There has been a big increase in demand for job applicants who speak te reo Māori, showing the language has an economic as well as cultural value, says researcher Hinerangi Curtis.
The number of job listings that identified te reo Māori as a requested skill has more than doubled across the country, to 791 for the year to July, up from 324 the year earlier.
UC graduate and Tokona Te Raki researcher Hinerangi Curtis says that many of the employers were government agencies and community organisations, although there were others outside those sectors.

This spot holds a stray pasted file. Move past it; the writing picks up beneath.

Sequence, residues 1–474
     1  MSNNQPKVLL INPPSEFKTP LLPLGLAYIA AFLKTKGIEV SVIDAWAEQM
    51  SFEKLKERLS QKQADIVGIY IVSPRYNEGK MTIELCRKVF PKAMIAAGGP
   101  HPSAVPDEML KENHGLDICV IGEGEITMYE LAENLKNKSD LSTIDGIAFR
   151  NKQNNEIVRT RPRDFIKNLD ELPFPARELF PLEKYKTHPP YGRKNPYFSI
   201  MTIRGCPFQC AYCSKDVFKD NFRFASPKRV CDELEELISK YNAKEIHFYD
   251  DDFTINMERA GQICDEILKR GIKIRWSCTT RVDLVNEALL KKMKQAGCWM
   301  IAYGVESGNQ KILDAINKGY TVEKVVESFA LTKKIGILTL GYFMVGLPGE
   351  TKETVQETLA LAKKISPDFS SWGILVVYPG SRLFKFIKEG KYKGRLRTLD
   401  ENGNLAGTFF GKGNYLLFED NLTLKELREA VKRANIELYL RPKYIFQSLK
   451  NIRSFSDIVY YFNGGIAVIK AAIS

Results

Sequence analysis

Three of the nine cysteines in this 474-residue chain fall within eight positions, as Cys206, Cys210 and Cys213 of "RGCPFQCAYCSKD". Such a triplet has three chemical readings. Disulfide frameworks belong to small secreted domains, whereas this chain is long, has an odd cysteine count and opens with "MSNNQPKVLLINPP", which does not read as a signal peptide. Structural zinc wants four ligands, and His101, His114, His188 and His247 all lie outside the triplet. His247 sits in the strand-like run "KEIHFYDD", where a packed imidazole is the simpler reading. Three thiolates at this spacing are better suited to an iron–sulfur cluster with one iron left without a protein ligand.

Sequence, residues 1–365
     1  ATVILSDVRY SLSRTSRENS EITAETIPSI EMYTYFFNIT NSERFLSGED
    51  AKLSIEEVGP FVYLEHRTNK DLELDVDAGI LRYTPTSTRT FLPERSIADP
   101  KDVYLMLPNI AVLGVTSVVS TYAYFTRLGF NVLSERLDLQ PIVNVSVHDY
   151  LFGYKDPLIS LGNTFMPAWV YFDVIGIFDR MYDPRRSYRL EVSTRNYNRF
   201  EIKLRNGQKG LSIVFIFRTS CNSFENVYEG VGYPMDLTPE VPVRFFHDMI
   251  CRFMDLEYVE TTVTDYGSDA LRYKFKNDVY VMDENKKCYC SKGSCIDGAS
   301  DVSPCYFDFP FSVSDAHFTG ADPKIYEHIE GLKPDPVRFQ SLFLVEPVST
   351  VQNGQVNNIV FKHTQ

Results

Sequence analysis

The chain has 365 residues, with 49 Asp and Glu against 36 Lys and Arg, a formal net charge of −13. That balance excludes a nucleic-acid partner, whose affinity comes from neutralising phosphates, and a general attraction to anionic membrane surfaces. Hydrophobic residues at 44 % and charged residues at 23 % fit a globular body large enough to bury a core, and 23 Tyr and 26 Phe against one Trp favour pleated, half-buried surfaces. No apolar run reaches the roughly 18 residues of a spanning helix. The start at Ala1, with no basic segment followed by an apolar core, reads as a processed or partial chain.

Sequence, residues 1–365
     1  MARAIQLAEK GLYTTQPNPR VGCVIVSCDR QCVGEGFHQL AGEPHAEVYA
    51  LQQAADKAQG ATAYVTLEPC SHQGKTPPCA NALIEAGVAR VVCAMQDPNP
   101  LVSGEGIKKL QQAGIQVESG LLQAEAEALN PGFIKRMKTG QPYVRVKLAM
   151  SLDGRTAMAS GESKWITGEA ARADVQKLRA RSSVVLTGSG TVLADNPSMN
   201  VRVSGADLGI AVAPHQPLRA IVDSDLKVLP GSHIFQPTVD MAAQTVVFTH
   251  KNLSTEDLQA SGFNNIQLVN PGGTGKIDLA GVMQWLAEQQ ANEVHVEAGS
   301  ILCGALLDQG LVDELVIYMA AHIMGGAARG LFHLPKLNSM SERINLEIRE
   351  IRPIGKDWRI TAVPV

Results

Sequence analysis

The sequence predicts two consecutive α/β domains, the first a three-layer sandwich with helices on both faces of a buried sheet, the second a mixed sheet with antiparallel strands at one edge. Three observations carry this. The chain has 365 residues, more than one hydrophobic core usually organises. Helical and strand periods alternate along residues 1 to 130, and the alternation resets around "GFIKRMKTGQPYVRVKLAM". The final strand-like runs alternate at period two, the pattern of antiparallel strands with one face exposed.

It made sense that te reo Māori would be valued more, particularly when engaging with iwi, as businesses and the Government started to take responsibility as treaty partners, Curtis said.
“I do think this is a really great indicator that we are increasingly moving towards a bicultural and bilingual nation, which really excites me,” says Curtis.